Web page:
Can Global Wealth Lead To Global Health?
Global Health or International Health has become a trendy term and many academic centres have evolved around this ‘Global’ theme. Is it the emergence of new infectious diseases such as SARS, or the re-emergence of old infectious diseases such as Avian Flu (H5N1) and Swine Flu (H1N1) that drives this global action on health? Should global health focus on the provision of medical aid to low-income countries? And finally, is the training of health care workers in low-income countries a priority area, as it helps to build the capacity of health care systems to respond to various health challenges more effectively and efficiently?
There is no doubt that such initiatives are essential components of global health, and in fact, they have been ongoing for decades with support for developing countries coming from developed countries. However, we still witness major disparities in health standards across the continents. More worryingly, developing countries of either high or low mortality rates nonetheless show the ‘double health burden’ of traditional and modern health risks. The latter set of health risks manifest themselves in diseases including hypertension, high cholesterol, obesity, and problems arising from alcohol and tobacco; the former burden covers traditional risks such as malnutrition, iron deficiency, unsafe water and poor sanitation and hygiene conditions.
There is a tendency for people to think that economic growth alone would result in an improvement in health standards, and that a global health strategy should emphasize economic development leading to rapid urbanisation. Yet does global wealth really lead to better global health? Although countries with high economic growth have shown improvement of health in terms of infant mortality, maternal mortality and longevity, a rapid rise of non-communicable diseases – such as hypertension and diabetes – has been observed in these countries. A review of countries/regions with rapid urbanisation and economic development such as mainland China and Taiwan shows that the prevalence of chronic illnesses is rising at an alarming rate.
Closely Packed Spaces
We have witnessed tremendous growth of the global economy since World War II, but a parallel improvement of global health was not observed. For example, the detrimental effects of urbanisation on health have been underestimated. Without doubt, urbanisation creates opportunities for better housing and living conditions, access to safe water and good sanitation, more employment opportunities, access to health and community service and recreational facilities. However, unplanned and uncontrolled urbanisation can strain health services, damage the environment and exacerbate poverty and inequality.
A recent WHO report in 2009 entitled ‘City and Public Health Crisis’ points out that urbanisation would enhance the spread of disease in today’s world. In a city an outbreak could soon become an epidemic, and with better road, rail and air links to other cities, such an epidemic would soon become a pandemic. In high-rise buildings with multiple apartments and with floor levels linked by elevators, infections are likely to spread faster than down a residential street with a row of separate single-family homes. The 2003 outbreak of SARS in Hong Kong is a striking example, where within just two months there were over 1,800 patients across a dozen countries in Asia, Europe and North America. A similar example was the H1N1 virus, where the first case identified on 23 April 2009 in Mexico spread very quickly to many cities in USA. Within nine weeks, all six WHO regions of the world were affected. It is now impossible to say that any particular part of a city is safe. As such, the inherent nature of a city makes it susceptible to epidemics.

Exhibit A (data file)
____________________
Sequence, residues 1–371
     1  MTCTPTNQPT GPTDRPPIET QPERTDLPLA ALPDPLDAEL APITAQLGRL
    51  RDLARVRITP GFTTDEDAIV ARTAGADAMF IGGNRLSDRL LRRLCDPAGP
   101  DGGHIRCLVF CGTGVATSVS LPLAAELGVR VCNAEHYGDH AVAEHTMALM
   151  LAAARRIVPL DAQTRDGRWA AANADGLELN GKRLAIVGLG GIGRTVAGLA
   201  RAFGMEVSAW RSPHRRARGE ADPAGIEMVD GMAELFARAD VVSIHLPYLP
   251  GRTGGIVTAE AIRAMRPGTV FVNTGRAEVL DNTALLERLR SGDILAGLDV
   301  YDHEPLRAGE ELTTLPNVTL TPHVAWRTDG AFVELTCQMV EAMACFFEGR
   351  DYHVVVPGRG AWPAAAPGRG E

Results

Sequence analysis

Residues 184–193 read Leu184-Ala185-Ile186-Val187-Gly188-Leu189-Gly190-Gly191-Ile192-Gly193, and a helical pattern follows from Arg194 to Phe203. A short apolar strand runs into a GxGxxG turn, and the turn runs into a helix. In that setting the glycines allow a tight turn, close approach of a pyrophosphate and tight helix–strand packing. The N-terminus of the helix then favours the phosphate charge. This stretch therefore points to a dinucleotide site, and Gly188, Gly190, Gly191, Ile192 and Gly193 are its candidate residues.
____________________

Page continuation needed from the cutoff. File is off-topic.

There is less emphasis on the impact of globalization on non-communicable diseases and mental health in low-income countries. Most vulnerable individuals with mental disorders are poor and living with disabling conditions. Rapid economic growth and urbanisation, changes of family structure, loss of neighbourhood relationships, and lack of time for communication and inter-personal interactions exposes vulnerable individuals to mental distress. This effectively reduces the size of the productive workforce, an issue to be tackeled by the WHO Mental Health Global Action Program.
There is also a tendency to over-emphasize the importance of subsidized or free health care services for low-income countries as a key strategy in the resolution of health issues – ignoring the local culture and social context, the inequitable distribution of health, as well as the system of governance. In an editorial in the British Medical Journal, the then Editor, Dr. Richard Smith, pointed out that global public health should reorientate services, strengthening public health within both developed and developing societies as a joint endeavour, and advocated a resilient system of global governance for health.
The protection and improvement of global health requires prioritizing health across all public policy agendas, along with developing a system of governance for putting such policies into practice. The European Commission has stated three core objectives for promotion of healthier and safer citizens, and these objectives could serve as the framework for an effective global health policy:
To protect citizens from risks and threats that are beyond the control of individual and cannot be effectively tackled alone, e.g. unsafe commercial practice, unsafe